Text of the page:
What is a double action keyboard?
A double action keyboard has double action switches that have two independent functions that can be used without pressing any modifier keys. The first action can be accessed by pressing the switch one step down and the other two steps down.
After having used this keyboard for a while it has proven to be a very powerful tool, since typing special character is so much easier than before.
Double action switches
The most challenging part of building the keyboard was the design of the switches. There were no suitable double action switches on the market, so I had to build them myself.
I modified the Cherry MX switch so that the 'plunger' could actuate the
second button. This was achieved by removing partly the centering 'pin'
of the switch. I used brow Cherry switches which have an actuating force of 0.5 N and
tactile push buttons which have an actuating force of 1.6 N, so the
difference between the first and second state is significant.
The tactile switches are simply soldered upside down on the PCB.
The double action keys have two different functions, so there are some challenges how the functions are triggered. The program works the following way: if a key is pressed two steps down the secondary function is triggered immediately, however the first action is a bit more tricky. If the key is pressed only one step the keyboard can't send the key press immediately since it might be that the user is still going to press the second step, this could lead to a situation where both actions are triggered instead of only the one that was intended to be triggered. The solution is to make it so that the first action is triggered when the key is pressed one step and then released or when the first step is hold down for a longer period of time than defined in the program.
To recap if you want type the first action you have to press the key one step down and release it (this gives one character) or keep it pressed longer than the delay time (if you need many characters), if you want to type the second action you need to press the key two steps down faster than the delay time.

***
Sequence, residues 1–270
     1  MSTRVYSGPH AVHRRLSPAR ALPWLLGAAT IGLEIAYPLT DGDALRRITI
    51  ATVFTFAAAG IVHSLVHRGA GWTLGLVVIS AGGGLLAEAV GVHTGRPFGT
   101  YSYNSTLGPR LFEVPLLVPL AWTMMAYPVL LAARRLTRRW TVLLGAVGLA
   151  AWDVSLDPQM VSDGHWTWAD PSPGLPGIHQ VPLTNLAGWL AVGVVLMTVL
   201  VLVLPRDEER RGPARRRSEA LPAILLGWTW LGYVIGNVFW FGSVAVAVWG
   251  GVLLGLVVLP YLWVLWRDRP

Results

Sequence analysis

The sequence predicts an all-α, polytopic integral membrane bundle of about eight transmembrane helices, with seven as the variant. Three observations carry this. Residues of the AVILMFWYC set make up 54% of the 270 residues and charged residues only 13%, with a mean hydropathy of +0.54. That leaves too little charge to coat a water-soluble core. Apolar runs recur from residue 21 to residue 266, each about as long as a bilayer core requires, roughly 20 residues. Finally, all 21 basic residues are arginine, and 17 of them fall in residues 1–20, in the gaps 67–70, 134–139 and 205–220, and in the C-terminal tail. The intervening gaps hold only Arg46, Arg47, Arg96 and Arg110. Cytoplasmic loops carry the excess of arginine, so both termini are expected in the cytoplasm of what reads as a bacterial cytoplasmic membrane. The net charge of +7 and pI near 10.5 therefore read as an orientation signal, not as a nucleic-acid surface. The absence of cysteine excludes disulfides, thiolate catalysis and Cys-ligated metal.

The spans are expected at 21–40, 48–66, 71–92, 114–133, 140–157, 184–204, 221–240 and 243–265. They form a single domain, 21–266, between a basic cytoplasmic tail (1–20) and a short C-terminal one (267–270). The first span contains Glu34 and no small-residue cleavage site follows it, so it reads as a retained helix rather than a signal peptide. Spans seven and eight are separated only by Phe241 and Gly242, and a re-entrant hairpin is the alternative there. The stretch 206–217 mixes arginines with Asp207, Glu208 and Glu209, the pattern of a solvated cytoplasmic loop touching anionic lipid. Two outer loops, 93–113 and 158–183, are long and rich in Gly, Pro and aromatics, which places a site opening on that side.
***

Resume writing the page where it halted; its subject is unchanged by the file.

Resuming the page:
The modifier keys are programmed so that they lock down when a 'normal' key is pressed while a modifier is hold down. They are released after the normal key is released. This makes short-cuts easier to press. If the modifiers would not lock down the modifiers would have to be kept pressed longer than the normal keys, because the normal key is activated (in most cases) after it has been released.
A normal keyboard has up to 105 keys. I reduced the amount of keys to 66 physical keys, some of which are double action. When counting double action keys and the normal keys the total is 66 + 34 = 100 plus a 5-direction joystick, this equals to a traditional keyboard. Because it has fewer physical keys, the keyboard is smaller and more comfortable to use.
The arrangement of the keys is also very unusual. As shown in the picture enter, backspace, shift, delete and the arrow keys are all in the middle so they can be operated with both hands easily. I included a number pad as second action keys to the keyboard. Keys in black are primary keys, keys in gray are secondary keys and keys in red are FN-keys, that can be accessed by pressing the key and the FN-key simultaneously. In addition, the rows of the keyboard are not staggered, which makes typing easier.
I designed the PCB for the keyboard with Kicad and milled it with my CNC milling machine. As a controller I used a Teensy 3.2 since it had enough IO pins and it can be used as a USB keyboard controller easily.
The switches are connected to a 9 x 14 matrix where each row is pulled down with a pull down resistor and each column can be activated separately (set high) with the controller, that allows reading the states of all switches by using 14+9 IO pins.